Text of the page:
The EHR and Data: Making it work for Physicians and Patients


By Luis Saldaña, MD, MBA, FACEP, Chief Medical Informatics Officer, Texas Health Resources


We live in a world of big data, and voice recognition and understanding. It seems physicians are increasingly challenged by volumes of data while simultaneously being tasked with data creation and entry requirements to support billing, performance, and quality measurement. The old dogma has been, “If you didn’t document it, you didn’t do it.” This information burden has contributed to the crisis of physician burnout, and organizations are challenged with engaging with consumers in ways that meaningfully engage and empower them. A new paradigm needs to be created wherein if you did it, you don’t need to document it. And, how do we turn this volume of data into a stream of knowledge and insights to benefit our patients as well as meaningfully supporting the need for ongoing performance improvement?

Addressing physicians’ information needs is critical to support the coming world of value-based care. And how physicians are measured in this world needs to be increasingly transparent to them.

How can we start to relieve these burdens while actually delivering better outcomes and more value?  We need to start charting the course for this vision and get beyond the real burdens of interoperability that impede free, yet secure data flows for patients and physicians.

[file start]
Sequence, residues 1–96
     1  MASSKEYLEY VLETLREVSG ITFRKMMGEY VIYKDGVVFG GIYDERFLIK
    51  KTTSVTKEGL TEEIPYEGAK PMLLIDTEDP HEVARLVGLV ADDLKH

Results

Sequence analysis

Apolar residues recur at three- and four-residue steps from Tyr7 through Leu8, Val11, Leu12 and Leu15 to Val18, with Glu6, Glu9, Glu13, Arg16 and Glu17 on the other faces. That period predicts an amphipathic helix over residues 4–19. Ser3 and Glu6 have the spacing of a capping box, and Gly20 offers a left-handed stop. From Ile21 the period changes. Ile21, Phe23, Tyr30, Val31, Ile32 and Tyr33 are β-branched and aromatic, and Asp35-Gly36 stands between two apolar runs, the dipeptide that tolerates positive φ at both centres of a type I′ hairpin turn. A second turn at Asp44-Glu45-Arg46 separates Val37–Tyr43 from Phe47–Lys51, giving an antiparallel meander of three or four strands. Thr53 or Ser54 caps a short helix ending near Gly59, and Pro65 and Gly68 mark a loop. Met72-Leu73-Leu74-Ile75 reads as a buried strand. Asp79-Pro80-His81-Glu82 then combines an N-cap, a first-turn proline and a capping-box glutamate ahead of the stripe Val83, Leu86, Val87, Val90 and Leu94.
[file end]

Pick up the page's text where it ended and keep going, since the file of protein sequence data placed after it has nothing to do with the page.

Patients are just learning how to use data around their own health and are getting more and more access to data that was generated in their own encounters

As we reflect on how to design to achieve this future state, I believe we might lean on two key frameworks:

  1. The 5 CDS Rights Framework – the right information, to the right people, in the right format, through the right channel and at the right place in the workflow (Osheroff, etal).
  2. User experience principles.

This model can provide us with a good design framework to guide this work.  In addition, this framework could also be married to user-centered design and be more empathetic towards the target of the data.

within the needs to integrate with target end-user workflows in mind. We need to streamline the effort needed to generate reports or run user queries. Strong thought and consideration needs to be given to facilitating data sharing toward support clinical decision making and removing existing barriers inherent to the current state of non-interoperability. The data also needs to freely follow the patient as they move throughout the complex maze of healthcare.

And as we design these systems, we need to start to learn how we can design patient-specific data flows, in both the process of data generation (to include patient-reported health outcomes) and then the process of converting this data into insights that might contribute in a way that supports the consumer taking more control of their own health outcomes. Such an approach could engage and empower patients in their own care, but only if it is done in a way that supports and enhances patient autonomy and might start to free them from traditional paradigms of medical decision making.

Patients are just learning how to use data around their own health and are getting more and more access to data that was generated in their own encounters. And now, they are even generating data that might contribute to improving their health outcomes. The call-to-action is to frame a new paradigm that actively includes and engages all stakeholders in conversation and design workflows in contrast to the current siloed processes, which are largely vendor driven. This is an opportunity and a call for organizations to take the lead towards new, more collaborative and social strategies that will carry us further towards this future state that will address some of the current challenges in and can empower patients and physicians to help to deliver better health outcomes for the communities we serve.


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